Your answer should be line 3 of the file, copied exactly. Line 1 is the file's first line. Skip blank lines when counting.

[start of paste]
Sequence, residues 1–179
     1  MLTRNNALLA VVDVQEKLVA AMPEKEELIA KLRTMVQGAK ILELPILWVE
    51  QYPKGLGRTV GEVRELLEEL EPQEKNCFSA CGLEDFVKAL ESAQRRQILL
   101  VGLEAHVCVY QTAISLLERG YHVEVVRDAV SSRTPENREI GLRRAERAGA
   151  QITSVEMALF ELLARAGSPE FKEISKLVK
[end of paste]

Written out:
    51  QYPKGLGRTV GEVRELLEEL EPQEKNCFSA CGLEDFVKAL ESAQRRQILL